I beg to differ...
c/o Tony Bates, UU are only kept off the top spot by Telstra's
apparent policy of deaggregating!
I don't speak for UUNET, not a shareholder, don't have any say over
their routing policies; that said, there are a couple reasons that
might be the case:
1. Deaggregation to help spread out traffic flow. As someone who used
to send a lot of traffic toward some big providers, it can be hard
to balance traffic efficiently when all you get is one short prefix
at multiple peering points. Having more-specifics, and possibly
even MEDs that make sense, can help with decisions regarding which
part of a /9 can be reached best via which peering point. (And
that's peering as in BGP, not peering as in settlements.)
2. Cut-outs for those pesky dot-coms; you know, the ones with the most
compelling content on the Internet jumping up and down in your face
with a need to multi-home their /24 to satisfy the crushing global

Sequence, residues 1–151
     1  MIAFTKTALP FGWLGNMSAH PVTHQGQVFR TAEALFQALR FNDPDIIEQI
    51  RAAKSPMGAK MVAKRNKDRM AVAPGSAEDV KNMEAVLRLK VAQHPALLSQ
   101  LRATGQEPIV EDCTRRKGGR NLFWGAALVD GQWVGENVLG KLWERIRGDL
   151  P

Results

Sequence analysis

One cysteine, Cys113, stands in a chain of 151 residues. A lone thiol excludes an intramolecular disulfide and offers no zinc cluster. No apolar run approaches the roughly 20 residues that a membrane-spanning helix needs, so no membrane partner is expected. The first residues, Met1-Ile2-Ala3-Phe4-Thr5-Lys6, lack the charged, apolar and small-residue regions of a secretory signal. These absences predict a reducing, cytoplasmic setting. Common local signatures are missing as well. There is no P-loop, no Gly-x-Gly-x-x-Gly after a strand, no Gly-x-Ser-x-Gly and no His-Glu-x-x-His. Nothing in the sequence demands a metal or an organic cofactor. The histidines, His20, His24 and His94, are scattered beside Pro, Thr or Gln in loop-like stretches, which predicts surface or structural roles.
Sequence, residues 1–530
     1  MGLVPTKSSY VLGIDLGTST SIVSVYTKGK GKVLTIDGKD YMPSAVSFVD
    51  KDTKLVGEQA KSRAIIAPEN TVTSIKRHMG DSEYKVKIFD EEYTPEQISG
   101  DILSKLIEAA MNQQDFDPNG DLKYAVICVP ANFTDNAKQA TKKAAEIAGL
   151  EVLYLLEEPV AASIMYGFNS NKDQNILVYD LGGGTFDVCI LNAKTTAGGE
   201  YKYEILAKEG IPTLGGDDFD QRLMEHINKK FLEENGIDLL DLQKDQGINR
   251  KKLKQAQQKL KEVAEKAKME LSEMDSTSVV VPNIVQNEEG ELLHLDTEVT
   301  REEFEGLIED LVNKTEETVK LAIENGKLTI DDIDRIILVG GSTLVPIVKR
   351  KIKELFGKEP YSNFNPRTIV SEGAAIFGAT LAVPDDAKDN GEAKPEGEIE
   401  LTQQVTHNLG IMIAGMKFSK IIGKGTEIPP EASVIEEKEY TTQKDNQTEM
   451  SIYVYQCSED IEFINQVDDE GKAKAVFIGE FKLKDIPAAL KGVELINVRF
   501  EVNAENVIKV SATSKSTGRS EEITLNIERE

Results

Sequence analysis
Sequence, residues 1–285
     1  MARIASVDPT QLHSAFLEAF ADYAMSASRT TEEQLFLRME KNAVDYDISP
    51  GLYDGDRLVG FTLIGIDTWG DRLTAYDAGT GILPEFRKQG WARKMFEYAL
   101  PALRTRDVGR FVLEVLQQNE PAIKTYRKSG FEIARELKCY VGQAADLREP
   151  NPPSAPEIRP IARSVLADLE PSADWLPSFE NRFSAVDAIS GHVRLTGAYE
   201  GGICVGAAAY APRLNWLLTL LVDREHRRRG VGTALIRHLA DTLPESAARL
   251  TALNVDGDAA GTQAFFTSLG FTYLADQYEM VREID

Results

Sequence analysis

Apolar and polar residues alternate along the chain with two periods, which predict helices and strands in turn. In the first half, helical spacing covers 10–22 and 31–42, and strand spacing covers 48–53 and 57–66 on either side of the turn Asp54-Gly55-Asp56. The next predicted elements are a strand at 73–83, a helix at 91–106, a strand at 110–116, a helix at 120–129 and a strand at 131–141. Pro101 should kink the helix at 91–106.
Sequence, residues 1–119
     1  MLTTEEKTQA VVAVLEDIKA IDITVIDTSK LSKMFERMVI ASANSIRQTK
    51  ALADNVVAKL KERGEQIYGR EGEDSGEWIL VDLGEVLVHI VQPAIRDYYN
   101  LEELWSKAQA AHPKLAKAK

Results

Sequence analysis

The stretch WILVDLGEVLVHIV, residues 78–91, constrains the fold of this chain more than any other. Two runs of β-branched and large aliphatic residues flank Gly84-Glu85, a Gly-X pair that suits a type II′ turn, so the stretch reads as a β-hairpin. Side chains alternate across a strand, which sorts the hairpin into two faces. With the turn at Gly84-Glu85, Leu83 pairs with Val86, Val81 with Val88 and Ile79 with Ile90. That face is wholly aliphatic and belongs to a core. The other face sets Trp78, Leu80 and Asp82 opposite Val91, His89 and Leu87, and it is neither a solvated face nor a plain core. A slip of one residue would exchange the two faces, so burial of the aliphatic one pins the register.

demand for such essentials as "the hamster dance."
I can easily imagine that when you have a lot of customers (as UUNET
is purported to have), you'd have the above two situations in spades,
plus more that we'll no doubt discuss at great length for the next
Let's consider the converse, though - what if AS701 were to suddenly
become a paragon of routing table efficiency, and collapse all their
announcements into one (not possible, I know, but indulge me, please)?
First, some decrease in revenue because all the more-specifics for
multi-homed customers would be preferred over the one big AS701
Second, a traffic balancing nightmare as everyone who touches AS701 in
multiple places tries to figure out how to deliver traffic to AS701
While Tony's report certainly indicates that things could be better,
it is also true that they could be a lot worse.